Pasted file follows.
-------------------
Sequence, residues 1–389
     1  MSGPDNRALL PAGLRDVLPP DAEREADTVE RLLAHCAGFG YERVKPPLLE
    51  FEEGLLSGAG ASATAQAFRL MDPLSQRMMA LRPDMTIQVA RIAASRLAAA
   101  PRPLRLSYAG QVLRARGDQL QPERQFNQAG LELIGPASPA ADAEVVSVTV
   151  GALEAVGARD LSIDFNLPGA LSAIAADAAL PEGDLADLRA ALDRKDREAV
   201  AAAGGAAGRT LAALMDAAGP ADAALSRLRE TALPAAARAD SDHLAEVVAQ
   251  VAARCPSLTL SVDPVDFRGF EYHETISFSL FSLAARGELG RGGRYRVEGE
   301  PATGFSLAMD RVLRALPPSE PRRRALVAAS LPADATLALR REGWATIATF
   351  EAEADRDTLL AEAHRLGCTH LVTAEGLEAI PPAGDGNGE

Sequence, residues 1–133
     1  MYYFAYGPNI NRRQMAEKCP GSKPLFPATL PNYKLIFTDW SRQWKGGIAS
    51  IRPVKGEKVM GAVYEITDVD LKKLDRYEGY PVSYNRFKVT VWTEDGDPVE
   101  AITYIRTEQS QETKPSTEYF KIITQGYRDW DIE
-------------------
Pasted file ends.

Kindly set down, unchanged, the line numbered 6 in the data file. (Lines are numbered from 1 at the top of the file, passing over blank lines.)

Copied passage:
   201  AAAGGAAGRT LAALMDAAGP ADAALSRLRE TALPAAARAD SDHLAEVVAQ